[Review] Anthill – Nintendo Switch

Written by Richard Strachan
  • Developer: Image and Form
  • Publisher: Thunderful
  • Release date: 24/10/2019
  • Price: £8.99 / $9.99
  • Review code provided by Thunderful


Nintendo fans who enjoy commanding an army of tiny creatures across a beautiful garden landscape have finally had their wish granted. For those of you thinking Captain Olimar has made his long awaited return, settle down. Instead we have the release of Anthill on Switch, from Steamworld series developer Image and Form.

Anthill was originally released on mobile platforms in 2011, before a surprise port to Switch this year. Despite its age, the usual Image and Form magic is well and truly present here, showing they have a pedigree which goes way back. The game itself predates the first Steamworld Dig game by two years!

Commant and Conquer

Anthill is an interesting blend between a Real Time Strategy game and a Tower Defence game, which is played completely with the Switch’s touch screen. Any attempt to play the game docked results in an error message. When you get down to playing, it’s immediately apparent that touch screen controls are the right choice.

You control a small army of ants, with four units available. You have access to a humble worker ant whose role is focused on collecting supplies for your army in the form of food and gems which can increase your score. Food can be found around the levels in the form of leaves and can also be earned by carrying the bodies of enemies back to your anthill.

You also have four combat options each with a different focus, including a soldier ant who focuses on close range melee combat, a spitter, which is essentially a ranged unit and functions well as an anti air unit and a buzzer, which is your aerial bomber. 

You might think this seems a fairly limited number of units, compared to traditional RTS games, but each of the units can be upgraded and used in a variety of ways to allow for a fair bit of tactical nuance. You control your forces by drawing lines representing pheromone trails, before assigning a particular type of unit to patrol that route. You can have multiple routes for each type of unit, but they can end up spread too thinly if you don’t build enough of each. More of each unit can be built at the cost of a small amount of food, which varies depending on the unit.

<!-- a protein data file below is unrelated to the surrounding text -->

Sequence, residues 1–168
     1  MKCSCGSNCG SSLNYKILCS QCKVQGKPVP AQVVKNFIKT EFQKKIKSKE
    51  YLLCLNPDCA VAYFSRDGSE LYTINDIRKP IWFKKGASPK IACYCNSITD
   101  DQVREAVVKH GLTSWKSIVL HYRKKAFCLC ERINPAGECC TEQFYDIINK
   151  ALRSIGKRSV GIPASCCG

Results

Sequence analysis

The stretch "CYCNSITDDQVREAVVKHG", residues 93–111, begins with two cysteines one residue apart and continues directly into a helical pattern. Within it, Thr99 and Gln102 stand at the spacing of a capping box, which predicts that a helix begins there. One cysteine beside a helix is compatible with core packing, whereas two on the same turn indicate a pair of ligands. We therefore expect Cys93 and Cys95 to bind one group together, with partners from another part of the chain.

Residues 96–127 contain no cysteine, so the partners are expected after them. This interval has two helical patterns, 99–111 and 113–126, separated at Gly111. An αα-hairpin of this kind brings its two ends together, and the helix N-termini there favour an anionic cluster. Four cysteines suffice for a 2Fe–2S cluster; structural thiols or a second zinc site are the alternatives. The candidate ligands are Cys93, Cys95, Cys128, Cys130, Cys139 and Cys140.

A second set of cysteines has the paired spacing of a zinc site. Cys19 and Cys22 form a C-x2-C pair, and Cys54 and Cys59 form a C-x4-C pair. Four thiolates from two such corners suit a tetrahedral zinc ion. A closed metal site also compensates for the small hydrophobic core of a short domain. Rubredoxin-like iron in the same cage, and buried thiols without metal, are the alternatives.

The general flow of each game tends to revolve around identifying a food source and capturing that, before building your army to defend the onslaught of attacks on your anthill, which serves as your base. As the anthill is attacked, its life meter is depleted and once that reaches zero, it’s game over. The early game stage tends to revolve around a mad dash to gather resources whilst maintaining a small defence force to fight off the initial waves. This can generally be quite tense as you work to juggle between building enough workers to sustain your force, whilst ensuring you have enough military might to fend off attackers.

Swat’s on offer?

Each of the levels in the game presents a slightly different scenario, including some with a sudden onslaught of boss type insects approaching. These tend to be units which have a specific function such as a long-range artillery unit, which can wipe out your entire base and most of your force with it if you don’t react quickly.

Some of the scenarios can be pretty challenging, with one standing out where I was immediately rushed by a huge number of enemies before I had the chance to amass any kind of force. These desperate moments of improvisation are where the game really shines! This comes across especially well in the infinity mode, which presents a randomised challenge and tasks you with surviving as long as possible against ever increasing waves of enemies. Infinity mode gives an added layer of strategy with the introduction of dirt piles throughout the maps which can be collected to rebuild your anthill, repairing any damage it has suffered. Infinity mode presents you with a high score but provides no way to compare each attempt against previous ones or any online leaderboard functionality, which is a shame.

The game looks and sounds gorgeous, with some lovely ambient garden sounds proving a relaxing backdrop to your battles. Simple memorable melodies make up the small, but effective soundtrack. The game uses a cartoony art style which allows for some nice detail in the garden environments the game takes place in. This allows for lots of character with each of the units and enemies and makes it very easy to keep track of the action even during huge battles.


Anthill is a blast to play and shows that Image and Form really can master any genre. The Steamworld games show they can turn their hand to platformers, card games, RPGsand turn based strategy, but Anthill shows they can do an amazing job with an RTS/Tower defense hybrid.

There’s enough in the game to keep you coming back, with each level awarding a number of stars based on your performance. These stars can be spent on upgrading your units and adding new abilities. Getting all the stars on some levels was very challenging, but being able to re-run those scenarios with upgraded units made things more manageable and added a fun sense of progression. Returning to earlier battles to find you could smash the enemy was extremely satisfying.


  • Touch screen controls are perfect
  • Endless replay ability with infinity mode
  • Easy to pick up, unlike most RTS games


  • Environments can be repetitive
  • Leaderboards are a big miss

Anthill is a fun, charming introduction to RTS gameplay. Adults and kids alike will find a lot to love, from the simple but deep gameplay to the gorgeous art style. Image and Form have dug into their back catalogue and given us a burst of joy that manages to feel fresh and modern and I thoroughly recommend it!


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